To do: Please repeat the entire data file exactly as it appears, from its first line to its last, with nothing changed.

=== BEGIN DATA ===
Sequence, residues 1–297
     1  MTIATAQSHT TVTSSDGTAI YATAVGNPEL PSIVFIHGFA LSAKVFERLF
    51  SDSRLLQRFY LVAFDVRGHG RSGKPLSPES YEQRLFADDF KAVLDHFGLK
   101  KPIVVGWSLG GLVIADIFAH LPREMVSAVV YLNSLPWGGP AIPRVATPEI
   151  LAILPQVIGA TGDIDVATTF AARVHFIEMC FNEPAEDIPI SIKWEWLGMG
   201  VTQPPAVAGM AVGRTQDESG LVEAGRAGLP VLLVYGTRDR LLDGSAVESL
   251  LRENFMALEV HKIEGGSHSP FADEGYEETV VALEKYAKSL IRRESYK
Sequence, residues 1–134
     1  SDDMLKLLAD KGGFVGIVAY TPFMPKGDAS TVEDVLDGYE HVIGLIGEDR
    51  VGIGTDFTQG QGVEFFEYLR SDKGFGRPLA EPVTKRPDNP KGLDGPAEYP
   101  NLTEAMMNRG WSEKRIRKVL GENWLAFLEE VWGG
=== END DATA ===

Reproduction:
Sequence, residues 1–297
     1  MTIATAQSHT TVTSSDGTAI YATAVGNPEL PSIVFIHGFA LSAKVFERLF
    51  SDSRLLQRFY LVAFDVRGHG RSGKPLSPES YEQRLFADDF KAVLDHFGLK
   101  KPIVVGWSLG GLVIADIFAH LPREMVSAVV YLNSLPWGGP AIPRVATPEI
   151  LAILPQVIGA TGDIDVATTF AARVHFIEMC FNEPAEDIPI SIKWEWLGMG
   201  VTQPPAVAGM AVGRTQDESG LVEAGRAGLP VLLVYGTRDR LLDGSAVESL
   251  LRENFMALEV HKIEGGSHSP FADEGYEETV VALEKYAKSL IRRESYK
Sequence, residues 1–134
     1  SDDMLKLLAD KGGFVGIVAY TPFMPKGDAS TVEDVLDGYE HVIGLIGEDR
    51  VGIGTDFTQG QGVEFFEYLR SDKGFGRPLA EPVTKRPDNP KGLDGPAEYP
   101  NLTEAMMNRG WSEKRIRKVL GENWLAFLEE VWGG